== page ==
And let’s see here. Kelly asks, “I’m soon launching a new woman’s ministry. I do need donations, but don’t have all of those great stories yet to tell that you’re referring to. How can I approach soliciting donations this early?” So when you’re new and you don’t have the stories of who you’ve helped so far, what do you have? You have the need. You have your client’s needs. And you have the impact that you want to make. And you’re really selling new donors on that vision of, “This is the challenge. And here is how we want to make a difference. And these are the people that are coming to us. And these are the people that we want to serve. And I can’t wait to tell you how your gift is going to impact their lives.” That would be my short advice.
Cindy asks a great question. “When you run into a board . . . ” Hmm, run into a board. I’ve run into a few of those. One of the guys that’s up there is on a board. It’s called Make Over my Board. So if anyone here has the appetite for making over their board, I’ve got some goodies, including how to facilitate graceful exits of enhancing attrition, meaning showing board members who need to go the door in grateful, graceful ways. So since Cindy asked, “When you run into a board that’s really hesitant to do something bold, how do you persuade them?” Yeah. And that’s a great question. And that’s a really big challenge, you know.
Think about ALS, right? Think about the ice bucket challenge. If a board member or a staff member said in a board meeting, “Hey, I’ve got this wild and crazy idea. Wouldn’t it be fun if we poured buckets of ice water, huge, huge buckets of freezing cold ice water on our heads for the cause and people videotaped it and they shared it,” you know, I’m guessing that idea would have died right there on the table.
But because someone outside of the organization had the big, bold idea, they just kind of ran with it and supported it and threw up some FAQs and rolled with the punches on that one. It’s an important question that you bring up about how do we support innovation? How do we encourage innovation in our organization? And I think it’s one that you’re talking about a very real challenge. Many organizations struggle with this. You can test your asset here. You can test your idea and how do people react to it? And do they respond really well?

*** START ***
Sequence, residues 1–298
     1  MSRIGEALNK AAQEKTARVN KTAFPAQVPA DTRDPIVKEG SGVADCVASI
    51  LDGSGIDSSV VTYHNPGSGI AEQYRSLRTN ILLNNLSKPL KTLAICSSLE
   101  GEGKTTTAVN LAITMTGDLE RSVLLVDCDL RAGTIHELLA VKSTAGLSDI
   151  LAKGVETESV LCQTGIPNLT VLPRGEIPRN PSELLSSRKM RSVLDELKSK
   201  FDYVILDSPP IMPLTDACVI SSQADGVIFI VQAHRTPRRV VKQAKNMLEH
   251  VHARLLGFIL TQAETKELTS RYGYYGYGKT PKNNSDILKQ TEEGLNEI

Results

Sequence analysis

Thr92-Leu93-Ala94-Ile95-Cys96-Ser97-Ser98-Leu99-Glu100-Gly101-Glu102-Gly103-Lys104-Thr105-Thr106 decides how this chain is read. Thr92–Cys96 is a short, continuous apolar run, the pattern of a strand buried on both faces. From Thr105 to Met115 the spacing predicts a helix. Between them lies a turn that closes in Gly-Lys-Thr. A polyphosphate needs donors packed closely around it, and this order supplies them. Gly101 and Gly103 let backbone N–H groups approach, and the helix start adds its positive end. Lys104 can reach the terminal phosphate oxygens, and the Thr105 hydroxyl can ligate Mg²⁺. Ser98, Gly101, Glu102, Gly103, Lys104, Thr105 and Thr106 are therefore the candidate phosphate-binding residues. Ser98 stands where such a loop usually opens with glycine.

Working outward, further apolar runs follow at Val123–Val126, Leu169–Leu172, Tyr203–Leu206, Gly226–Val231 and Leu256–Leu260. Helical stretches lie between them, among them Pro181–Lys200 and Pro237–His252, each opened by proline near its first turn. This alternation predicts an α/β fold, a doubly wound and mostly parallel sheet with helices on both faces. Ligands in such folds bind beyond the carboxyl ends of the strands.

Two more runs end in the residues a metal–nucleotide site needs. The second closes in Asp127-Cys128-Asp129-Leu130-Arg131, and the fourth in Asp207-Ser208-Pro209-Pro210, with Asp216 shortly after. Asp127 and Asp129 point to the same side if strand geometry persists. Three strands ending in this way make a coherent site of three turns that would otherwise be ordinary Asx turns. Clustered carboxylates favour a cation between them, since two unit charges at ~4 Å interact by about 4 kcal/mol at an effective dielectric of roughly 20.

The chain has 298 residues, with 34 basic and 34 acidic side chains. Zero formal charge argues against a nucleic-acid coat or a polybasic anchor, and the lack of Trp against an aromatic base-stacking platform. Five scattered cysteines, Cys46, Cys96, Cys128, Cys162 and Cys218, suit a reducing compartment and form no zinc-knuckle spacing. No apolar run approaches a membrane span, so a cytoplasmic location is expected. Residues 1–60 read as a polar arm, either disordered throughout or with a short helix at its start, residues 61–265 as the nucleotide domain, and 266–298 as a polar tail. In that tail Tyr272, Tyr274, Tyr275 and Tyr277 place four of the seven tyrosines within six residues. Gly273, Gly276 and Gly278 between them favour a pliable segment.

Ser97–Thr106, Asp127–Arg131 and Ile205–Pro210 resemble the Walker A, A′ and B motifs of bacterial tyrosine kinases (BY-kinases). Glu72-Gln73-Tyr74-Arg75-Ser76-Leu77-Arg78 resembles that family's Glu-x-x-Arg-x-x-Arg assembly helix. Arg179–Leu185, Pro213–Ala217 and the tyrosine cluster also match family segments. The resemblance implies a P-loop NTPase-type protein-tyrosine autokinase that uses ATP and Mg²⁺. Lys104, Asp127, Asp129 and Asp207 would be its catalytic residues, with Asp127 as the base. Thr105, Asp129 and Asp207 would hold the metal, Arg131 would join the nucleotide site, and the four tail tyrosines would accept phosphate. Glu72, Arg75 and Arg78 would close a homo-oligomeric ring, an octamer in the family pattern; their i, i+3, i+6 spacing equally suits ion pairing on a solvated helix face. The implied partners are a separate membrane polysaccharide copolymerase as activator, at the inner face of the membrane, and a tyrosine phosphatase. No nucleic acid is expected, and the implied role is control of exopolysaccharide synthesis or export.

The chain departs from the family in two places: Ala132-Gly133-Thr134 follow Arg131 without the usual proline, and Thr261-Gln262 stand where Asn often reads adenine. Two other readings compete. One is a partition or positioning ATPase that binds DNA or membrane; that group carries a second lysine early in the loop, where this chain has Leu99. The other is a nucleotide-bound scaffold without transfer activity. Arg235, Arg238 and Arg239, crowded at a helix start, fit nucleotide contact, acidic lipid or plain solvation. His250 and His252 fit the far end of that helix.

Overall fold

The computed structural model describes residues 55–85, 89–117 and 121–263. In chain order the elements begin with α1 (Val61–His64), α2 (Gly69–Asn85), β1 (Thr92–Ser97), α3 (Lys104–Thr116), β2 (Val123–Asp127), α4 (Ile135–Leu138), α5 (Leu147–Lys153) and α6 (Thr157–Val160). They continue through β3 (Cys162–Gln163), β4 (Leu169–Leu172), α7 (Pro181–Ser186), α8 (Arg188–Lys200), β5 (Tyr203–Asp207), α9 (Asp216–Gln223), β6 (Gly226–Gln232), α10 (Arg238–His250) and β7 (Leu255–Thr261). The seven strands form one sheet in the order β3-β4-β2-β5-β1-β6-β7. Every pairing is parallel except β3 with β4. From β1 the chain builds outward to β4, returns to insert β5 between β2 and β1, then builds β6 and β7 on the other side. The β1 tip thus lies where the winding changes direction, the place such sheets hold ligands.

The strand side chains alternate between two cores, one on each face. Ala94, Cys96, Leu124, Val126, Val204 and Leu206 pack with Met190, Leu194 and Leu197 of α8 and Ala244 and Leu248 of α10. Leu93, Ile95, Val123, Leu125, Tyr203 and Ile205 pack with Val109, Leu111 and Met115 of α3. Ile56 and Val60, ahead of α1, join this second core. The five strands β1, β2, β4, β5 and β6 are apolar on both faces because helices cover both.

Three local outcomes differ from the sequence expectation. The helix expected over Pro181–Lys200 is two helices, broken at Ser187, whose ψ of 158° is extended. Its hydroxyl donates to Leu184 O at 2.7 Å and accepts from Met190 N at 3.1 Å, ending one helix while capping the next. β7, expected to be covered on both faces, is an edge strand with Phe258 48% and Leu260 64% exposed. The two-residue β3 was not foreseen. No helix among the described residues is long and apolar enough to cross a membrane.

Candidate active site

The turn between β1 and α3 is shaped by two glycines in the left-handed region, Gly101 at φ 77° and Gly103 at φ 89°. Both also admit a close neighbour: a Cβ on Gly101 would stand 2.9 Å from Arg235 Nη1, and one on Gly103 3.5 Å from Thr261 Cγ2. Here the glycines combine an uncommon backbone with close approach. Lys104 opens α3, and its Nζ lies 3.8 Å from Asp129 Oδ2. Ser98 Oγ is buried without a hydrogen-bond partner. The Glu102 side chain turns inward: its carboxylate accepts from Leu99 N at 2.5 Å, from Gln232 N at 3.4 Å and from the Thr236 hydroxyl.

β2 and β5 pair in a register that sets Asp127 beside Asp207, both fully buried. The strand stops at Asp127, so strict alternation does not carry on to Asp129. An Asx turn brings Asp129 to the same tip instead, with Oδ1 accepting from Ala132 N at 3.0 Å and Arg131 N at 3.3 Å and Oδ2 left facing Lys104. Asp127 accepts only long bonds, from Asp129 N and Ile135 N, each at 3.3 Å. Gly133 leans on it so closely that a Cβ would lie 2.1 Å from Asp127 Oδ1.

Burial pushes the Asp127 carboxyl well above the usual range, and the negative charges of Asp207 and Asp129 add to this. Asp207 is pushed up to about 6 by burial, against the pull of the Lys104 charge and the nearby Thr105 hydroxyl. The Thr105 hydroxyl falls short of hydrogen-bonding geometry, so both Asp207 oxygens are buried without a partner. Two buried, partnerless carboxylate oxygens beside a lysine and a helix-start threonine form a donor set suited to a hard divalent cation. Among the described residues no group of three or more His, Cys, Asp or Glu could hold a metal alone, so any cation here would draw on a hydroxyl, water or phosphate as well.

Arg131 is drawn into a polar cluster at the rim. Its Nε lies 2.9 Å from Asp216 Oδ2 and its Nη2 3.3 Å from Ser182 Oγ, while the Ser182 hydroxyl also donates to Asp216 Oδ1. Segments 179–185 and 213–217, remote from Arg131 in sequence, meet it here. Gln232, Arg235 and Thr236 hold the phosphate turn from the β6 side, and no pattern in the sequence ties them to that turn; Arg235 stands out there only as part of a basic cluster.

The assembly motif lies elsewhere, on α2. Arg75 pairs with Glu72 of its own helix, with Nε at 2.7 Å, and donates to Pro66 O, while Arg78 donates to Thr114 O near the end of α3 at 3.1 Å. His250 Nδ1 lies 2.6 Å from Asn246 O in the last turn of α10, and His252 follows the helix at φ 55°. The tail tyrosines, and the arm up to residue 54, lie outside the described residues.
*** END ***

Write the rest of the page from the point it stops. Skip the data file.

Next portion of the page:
One thing to keep in mind, and I always encourage people to think about this, I mean, you have board members who give. And that’s fantastic. You have preferences for how you like to be treated and what you like in terms of fundraising. Some of you on the call might not like direct mail. It doesn’t mean your donors don’t like direct mail. And you can never force your own fundraising preferences onto other people. Those are your preferences. They’re not your donors’ preferences.
And the beauty about fundraising is that it’s part art and it’s part science. And you can always test everything that you do. So I would show them examples of bold ideas that have worked. I would show them examples of maybe support that you have for your bold idea. And I would test it. If you haven’t already tested it and it’s not a subset of your donors or a larger subset, test it. I don’t know exactly what the idea is. But I hope that helps. And I wish you luck.
So let’s see here. Sarah said, “We’re attempting to increase our memberships, local [inaudible 00:51:48], based on this webinar. And I am starting to think that we should ditch the membership and just move to solicitations and awesome thank you’s. Thoughts.” You know, membership, that’s like a whole another webinar I feel like, I mean, because memberships, it’s kind of a transactional gift. And there are people who have memberships who will give philanthropically. There are people who will have a membership at The Children’s Museum and give philanthropically to The Children’s Museum. There are people who will have tickets to the athletics event and give to the scholarship fund for the athletes.
But you know your donor base. And you can also test. I mean, I think the interesting thing about memberships is that it’s kind of up to what kind of a culture, what kind of a transactional culture do your members have with your organization? And how might you be able to change that or influence that with a philanthropic act? I hope that helps.